Michael Quinion TheEditor at WORLDWIDEWORDS.ORG
Wed Sep 4 08:40:18 UTC 2002

> Michael Quinion
> thinks it might come from faulty loops by the Royal Air Force.

To be strictly accurate, in that piece I cite the current Oxford
Dictionaries' view (which is, for example, in NODE) that "pear-
shaped" derives from RAF slang. The extension of that to the story
about pilots' misshapen loops comes from another source, and - as I
say in the piece - I am sceptical about it, because I've looked for
evidence and not found any.

> A listener to my program says that it was used in the UK at least
> by the fifties, when red-hot rivets were thrown up to the riveters
> for inserting into ships' plates. If the rivets cooled they would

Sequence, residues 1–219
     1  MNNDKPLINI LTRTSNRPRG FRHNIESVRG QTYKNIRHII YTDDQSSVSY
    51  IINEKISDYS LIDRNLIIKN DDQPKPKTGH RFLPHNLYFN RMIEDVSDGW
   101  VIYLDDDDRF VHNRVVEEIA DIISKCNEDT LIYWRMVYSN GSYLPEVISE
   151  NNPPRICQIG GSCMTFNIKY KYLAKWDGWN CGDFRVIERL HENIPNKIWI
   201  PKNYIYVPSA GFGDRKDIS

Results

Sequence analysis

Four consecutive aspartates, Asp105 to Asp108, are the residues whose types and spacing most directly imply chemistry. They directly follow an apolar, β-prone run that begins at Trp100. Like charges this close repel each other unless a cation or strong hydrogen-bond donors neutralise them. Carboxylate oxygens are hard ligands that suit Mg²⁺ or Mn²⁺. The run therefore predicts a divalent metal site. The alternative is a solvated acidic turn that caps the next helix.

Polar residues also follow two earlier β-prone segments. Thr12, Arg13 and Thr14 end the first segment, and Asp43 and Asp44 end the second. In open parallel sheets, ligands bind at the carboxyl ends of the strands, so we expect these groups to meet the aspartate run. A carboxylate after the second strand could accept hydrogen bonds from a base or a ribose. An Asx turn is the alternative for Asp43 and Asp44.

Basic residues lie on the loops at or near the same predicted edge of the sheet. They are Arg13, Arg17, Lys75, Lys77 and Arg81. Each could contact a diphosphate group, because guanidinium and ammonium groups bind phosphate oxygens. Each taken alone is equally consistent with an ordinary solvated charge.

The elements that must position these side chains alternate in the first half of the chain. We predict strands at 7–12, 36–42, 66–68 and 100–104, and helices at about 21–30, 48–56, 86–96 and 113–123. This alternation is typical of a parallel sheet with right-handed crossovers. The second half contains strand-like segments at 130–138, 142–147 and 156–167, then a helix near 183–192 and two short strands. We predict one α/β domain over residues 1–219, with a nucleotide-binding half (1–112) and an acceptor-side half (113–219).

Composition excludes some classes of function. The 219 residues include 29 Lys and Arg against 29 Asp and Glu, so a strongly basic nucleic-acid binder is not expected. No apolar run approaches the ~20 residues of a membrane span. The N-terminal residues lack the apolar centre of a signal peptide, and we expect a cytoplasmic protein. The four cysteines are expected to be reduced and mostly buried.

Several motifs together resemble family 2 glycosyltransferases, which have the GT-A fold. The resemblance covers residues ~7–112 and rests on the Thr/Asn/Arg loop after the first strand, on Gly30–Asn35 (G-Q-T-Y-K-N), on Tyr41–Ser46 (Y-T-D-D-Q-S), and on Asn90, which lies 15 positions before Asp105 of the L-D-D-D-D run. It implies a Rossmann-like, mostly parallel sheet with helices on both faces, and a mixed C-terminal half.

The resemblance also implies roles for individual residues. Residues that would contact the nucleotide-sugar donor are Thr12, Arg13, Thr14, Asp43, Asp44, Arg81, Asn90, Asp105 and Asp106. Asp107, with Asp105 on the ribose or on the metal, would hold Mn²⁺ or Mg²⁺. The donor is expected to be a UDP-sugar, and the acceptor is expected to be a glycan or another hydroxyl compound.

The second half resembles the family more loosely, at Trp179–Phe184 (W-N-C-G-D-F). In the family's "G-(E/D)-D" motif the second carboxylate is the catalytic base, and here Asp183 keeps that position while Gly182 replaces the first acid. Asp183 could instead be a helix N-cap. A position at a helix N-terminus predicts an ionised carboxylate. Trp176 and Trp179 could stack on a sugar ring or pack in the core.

> not pass through the holes, and bulged when hit with a hammer, so
> becoming pear-shaped. This is the earliest date that we have been
> able to determine with some confidence.

That conflicts with Oxford's RAF origin so, unless that can be shown
to be wrong, perhaps we should treat the red-hot rivet explanation
with some caution unless firm evidence emerges.

Michael Quinion
Editor, World Wide Words
E-mail: <TheEditor at>
Web: <>

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